Tue, Dec 25, 2018 - Page 3 News List

Lee mistreated in China: group

INHUMANE:The prison threw out Lee Ming-che’s warm clothes, froze his account and serves him spoiled food, the Rescue Lee Ming-che Team said

By Lu Yi-hsuan and Sherry Hsiao  /  Staff reporter, with staff writer

Taiwan Association for Human Rights secretary-general Chiu Ee-ling, third right, Taiwanese human rights advocate Lee Ming-che’s wife, Lee Ching-yu, fourth right, and other guests hold banners at a news conference in Taipei yesterday.

Photo: CNA

Taiwanese human rights advocate Lee Ming-che (李明哲) is being treated inhumanely in prison, the Rescue Lee Ming-che Team said yesterday.

In March last year, Lee was arrested in China and, eight months later, sentenced to five years in prison for “subversion of state power.”

Lee works more than 10 hours a day with no rest days, Lee Ming-che’s wife, Lee Ching-yu (李凈瑜), said at a news conference in Taipei.

Prison officials threw out Lee Ming-che’s warm clothes and serve him spoiled food, the team said.

They froze his bank account so that he cannot purchase food or extra clothing for the winter, Lee Ching-yu said, adding that they have forbidden family members from sending him clothes.

She said Chishan Prison officials claim that telephone service providers are unable to open an account for him, because he is Taiwanese and their computer systems cannot recognize his identification number.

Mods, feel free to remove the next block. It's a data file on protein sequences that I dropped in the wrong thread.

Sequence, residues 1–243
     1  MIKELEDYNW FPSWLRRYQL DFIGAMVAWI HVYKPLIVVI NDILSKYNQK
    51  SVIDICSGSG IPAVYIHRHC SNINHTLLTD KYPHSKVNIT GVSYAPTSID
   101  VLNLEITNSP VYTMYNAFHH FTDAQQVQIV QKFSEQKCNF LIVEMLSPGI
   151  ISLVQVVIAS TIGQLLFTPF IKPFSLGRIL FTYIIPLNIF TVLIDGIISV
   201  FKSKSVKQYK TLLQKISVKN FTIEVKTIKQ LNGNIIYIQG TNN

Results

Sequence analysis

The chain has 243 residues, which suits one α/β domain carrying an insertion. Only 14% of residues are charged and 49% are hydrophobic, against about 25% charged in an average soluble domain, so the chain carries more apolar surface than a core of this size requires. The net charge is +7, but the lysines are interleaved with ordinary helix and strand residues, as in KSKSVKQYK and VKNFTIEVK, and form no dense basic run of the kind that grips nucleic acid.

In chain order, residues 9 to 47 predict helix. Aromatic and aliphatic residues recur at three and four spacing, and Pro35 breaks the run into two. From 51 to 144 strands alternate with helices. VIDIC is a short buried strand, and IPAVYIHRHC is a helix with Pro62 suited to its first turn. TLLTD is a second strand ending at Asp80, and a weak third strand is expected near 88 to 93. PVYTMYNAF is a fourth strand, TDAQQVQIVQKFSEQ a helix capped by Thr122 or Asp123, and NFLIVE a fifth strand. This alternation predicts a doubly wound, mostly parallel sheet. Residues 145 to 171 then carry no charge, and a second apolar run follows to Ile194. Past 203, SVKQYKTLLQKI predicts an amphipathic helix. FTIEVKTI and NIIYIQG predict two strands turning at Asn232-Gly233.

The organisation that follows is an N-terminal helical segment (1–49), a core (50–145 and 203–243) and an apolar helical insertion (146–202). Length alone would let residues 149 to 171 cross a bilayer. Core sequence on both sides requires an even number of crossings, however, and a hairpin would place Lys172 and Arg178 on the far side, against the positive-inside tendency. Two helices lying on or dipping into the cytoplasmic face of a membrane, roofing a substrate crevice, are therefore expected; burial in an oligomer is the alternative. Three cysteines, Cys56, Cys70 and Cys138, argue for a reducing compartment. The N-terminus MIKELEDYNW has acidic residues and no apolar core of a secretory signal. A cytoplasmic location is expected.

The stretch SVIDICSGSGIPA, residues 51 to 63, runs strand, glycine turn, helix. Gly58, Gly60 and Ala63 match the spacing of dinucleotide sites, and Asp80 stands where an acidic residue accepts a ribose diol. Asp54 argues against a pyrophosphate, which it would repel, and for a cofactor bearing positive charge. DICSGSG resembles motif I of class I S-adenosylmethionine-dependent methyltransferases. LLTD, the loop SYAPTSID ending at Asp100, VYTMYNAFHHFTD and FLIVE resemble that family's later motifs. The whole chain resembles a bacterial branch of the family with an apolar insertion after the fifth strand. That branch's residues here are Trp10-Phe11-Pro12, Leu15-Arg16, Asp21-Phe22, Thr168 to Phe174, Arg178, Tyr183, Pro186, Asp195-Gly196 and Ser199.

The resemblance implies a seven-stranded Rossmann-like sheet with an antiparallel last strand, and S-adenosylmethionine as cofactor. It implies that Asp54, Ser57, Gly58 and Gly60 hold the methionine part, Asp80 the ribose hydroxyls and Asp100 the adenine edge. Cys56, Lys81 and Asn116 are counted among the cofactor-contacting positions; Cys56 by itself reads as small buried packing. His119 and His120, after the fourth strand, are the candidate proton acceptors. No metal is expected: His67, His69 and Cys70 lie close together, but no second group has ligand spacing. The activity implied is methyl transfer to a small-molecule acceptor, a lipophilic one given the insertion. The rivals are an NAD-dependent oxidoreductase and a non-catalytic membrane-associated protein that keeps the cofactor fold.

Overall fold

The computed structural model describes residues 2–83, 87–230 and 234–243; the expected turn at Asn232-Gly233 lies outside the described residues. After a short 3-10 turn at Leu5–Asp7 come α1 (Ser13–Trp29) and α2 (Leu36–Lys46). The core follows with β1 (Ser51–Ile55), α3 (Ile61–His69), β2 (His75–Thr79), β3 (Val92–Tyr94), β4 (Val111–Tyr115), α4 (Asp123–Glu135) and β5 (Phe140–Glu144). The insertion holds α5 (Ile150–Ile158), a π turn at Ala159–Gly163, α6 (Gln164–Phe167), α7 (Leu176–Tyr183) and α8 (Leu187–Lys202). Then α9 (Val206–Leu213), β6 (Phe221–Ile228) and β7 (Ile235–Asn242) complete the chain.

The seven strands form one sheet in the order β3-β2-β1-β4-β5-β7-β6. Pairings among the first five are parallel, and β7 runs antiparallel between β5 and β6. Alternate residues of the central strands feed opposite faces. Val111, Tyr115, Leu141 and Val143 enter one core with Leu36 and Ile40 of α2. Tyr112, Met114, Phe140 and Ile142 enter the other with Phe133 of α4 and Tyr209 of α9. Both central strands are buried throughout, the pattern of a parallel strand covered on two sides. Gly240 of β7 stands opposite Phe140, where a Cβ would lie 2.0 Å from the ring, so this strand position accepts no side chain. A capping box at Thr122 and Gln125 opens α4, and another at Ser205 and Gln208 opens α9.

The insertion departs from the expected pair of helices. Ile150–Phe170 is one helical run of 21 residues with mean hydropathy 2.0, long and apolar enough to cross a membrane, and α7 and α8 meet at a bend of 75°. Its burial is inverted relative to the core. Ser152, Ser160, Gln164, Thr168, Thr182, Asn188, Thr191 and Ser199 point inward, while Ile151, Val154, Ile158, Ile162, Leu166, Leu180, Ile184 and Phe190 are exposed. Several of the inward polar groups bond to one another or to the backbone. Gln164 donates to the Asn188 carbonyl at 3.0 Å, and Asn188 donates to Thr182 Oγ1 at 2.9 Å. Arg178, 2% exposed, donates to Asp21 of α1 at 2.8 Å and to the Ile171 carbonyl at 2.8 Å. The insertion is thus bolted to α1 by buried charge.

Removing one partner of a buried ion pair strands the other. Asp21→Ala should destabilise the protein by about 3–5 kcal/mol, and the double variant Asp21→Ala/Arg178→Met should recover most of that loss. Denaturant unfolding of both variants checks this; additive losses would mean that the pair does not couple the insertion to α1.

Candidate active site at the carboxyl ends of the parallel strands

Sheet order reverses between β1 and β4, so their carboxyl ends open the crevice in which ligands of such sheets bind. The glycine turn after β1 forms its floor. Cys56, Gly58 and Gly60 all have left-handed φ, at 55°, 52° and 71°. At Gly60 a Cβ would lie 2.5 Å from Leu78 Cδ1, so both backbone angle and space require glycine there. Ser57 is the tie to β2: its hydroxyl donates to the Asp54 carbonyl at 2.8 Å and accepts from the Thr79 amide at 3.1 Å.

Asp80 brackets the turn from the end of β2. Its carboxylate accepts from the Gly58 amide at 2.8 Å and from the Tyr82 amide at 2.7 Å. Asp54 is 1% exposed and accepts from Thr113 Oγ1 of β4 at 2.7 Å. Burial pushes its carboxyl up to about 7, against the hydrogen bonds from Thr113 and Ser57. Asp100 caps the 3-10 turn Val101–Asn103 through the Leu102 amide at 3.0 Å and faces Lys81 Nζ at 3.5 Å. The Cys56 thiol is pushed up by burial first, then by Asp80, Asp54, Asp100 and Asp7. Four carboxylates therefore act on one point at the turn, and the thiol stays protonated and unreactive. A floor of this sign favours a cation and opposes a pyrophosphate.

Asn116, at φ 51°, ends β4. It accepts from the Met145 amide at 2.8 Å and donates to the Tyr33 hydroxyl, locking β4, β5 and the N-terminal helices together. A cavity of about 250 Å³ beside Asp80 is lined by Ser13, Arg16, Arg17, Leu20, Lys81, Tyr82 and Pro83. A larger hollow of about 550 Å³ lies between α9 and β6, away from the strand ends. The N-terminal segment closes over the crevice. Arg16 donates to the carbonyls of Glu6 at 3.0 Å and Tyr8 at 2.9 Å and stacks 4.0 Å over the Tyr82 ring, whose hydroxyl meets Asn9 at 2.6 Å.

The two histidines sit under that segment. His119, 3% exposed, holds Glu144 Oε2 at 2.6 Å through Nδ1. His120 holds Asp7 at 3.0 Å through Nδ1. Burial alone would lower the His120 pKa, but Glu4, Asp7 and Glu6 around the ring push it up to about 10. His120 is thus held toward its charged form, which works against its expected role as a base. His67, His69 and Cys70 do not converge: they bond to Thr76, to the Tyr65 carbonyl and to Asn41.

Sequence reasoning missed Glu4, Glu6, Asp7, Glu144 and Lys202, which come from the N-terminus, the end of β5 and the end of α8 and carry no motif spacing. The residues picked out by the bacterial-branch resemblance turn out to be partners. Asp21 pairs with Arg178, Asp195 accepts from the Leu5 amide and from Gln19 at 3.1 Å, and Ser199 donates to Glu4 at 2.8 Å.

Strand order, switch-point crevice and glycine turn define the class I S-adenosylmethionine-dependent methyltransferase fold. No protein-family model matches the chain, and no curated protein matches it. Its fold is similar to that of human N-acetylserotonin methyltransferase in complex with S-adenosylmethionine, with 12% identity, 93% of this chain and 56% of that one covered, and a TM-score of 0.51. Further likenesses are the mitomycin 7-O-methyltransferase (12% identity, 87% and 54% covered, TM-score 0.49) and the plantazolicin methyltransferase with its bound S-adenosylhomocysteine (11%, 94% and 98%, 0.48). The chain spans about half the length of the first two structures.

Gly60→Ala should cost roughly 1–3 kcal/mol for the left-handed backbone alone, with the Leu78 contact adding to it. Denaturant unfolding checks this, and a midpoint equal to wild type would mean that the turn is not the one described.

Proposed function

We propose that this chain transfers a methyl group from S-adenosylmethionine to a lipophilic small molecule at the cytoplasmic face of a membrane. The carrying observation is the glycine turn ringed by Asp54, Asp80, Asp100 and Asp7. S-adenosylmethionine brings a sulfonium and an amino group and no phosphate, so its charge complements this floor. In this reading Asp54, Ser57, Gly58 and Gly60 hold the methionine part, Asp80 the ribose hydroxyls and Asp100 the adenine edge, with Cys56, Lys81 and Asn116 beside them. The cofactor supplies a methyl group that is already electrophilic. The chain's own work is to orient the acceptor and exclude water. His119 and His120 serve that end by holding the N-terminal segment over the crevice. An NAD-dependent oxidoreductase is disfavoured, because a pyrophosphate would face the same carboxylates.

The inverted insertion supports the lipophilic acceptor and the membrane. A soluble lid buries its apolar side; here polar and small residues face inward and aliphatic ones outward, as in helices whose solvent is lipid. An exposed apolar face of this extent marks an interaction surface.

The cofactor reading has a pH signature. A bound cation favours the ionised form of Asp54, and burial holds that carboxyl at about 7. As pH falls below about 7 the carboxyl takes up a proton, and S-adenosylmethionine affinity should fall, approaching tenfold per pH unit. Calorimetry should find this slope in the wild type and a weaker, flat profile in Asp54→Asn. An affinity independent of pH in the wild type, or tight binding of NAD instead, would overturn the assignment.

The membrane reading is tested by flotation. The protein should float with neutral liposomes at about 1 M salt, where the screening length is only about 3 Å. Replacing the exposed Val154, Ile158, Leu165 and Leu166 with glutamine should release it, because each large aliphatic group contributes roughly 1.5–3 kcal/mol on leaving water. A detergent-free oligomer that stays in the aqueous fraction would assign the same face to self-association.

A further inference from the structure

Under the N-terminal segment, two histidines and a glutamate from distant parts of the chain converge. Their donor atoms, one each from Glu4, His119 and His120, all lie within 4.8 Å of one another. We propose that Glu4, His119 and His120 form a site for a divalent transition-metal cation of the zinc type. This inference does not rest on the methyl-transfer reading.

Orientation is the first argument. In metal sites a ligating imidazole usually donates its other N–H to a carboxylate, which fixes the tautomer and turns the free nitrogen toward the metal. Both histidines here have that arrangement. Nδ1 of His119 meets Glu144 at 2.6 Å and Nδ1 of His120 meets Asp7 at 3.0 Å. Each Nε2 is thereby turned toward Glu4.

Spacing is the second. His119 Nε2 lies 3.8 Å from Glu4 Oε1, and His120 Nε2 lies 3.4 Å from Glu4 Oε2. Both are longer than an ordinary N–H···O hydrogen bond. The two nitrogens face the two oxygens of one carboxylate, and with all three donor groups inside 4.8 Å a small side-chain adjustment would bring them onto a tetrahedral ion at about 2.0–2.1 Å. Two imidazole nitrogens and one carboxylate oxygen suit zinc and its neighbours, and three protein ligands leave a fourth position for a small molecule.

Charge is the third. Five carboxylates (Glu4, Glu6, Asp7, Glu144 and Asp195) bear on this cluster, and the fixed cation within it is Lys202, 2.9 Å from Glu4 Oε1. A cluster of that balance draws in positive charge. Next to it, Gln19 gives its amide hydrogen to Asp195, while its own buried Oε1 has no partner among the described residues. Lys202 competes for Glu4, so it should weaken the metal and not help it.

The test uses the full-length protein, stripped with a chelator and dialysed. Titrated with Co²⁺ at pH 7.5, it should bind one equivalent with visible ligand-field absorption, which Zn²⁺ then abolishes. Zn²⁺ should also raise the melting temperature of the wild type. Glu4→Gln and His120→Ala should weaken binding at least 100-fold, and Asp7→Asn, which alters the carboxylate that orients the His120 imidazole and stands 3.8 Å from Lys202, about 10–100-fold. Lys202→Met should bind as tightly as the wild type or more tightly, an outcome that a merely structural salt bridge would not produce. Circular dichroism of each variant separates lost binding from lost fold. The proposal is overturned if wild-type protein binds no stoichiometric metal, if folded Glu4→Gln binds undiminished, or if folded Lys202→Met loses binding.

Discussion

The prison’s treatment of Lee Ming-che breaches the UN’s minimum standards for prisoners and China’s prison laws, the team said.

Lee Ching-yu said her husband, who is frustrated and has lost a considerable amount of weight, instructed her to hold the news conference and tell the world about his situation.

While the other inmates are able to receive the letters that their family and friends send, her husband has only received letters from her and his mother, she said, adding that their letters arrive with a six-month delay and that she has never received a response.

While the families of the other inmates can make monthly visits, she needs a special permit to even enter China, she said, adding that she was on Tuesday last week allowed to visit Lee Ming-che after filing an application in September and having it denied several times.

Urging the public to continue mailing postcards to her husband, Lee Ching-yu said that while her husband might not receive them, the Chinese government would.

The postcards would tell Beijing that the world has not forgotten about or given up on her husband, she said, adding that “we are all waiting for Lee Ming-che to come home.”

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